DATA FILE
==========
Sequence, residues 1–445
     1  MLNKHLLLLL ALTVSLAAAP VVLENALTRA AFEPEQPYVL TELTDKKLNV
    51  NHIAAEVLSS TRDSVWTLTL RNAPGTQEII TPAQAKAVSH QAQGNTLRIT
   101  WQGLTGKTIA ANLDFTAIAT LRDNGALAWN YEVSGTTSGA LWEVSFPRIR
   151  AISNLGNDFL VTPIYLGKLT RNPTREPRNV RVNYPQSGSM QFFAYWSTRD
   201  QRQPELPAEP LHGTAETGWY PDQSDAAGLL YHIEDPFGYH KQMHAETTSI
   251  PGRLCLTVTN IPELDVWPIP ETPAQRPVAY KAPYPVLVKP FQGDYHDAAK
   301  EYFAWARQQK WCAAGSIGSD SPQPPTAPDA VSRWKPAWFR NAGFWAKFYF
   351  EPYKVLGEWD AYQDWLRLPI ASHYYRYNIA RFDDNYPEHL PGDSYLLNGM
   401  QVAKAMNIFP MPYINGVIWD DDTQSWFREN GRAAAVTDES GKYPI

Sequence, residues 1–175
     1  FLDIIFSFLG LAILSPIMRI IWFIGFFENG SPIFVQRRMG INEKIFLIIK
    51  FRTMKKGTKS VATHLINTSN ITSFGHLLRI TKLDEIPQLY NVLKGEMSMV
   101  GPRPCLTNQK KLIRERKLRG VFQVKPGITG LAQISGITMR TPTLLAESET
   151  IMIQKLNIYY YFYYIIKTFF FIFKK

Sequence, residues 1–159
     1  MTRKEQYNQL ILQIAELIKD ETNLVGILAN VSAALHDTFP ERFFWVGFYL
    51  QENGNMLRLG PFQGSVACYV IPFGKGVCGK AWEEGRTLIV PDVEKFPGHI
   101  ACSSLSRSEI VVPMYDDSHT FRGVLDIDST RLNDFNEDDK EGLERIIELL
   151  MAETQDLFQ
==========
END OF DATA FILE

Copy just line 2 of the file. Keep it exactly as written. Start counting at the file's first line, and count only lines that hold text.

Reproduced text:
     1  MLNKHLLLLL ALTVSLAAAP VVLENALTRA AFEPEQPYVL TELTDKKLNV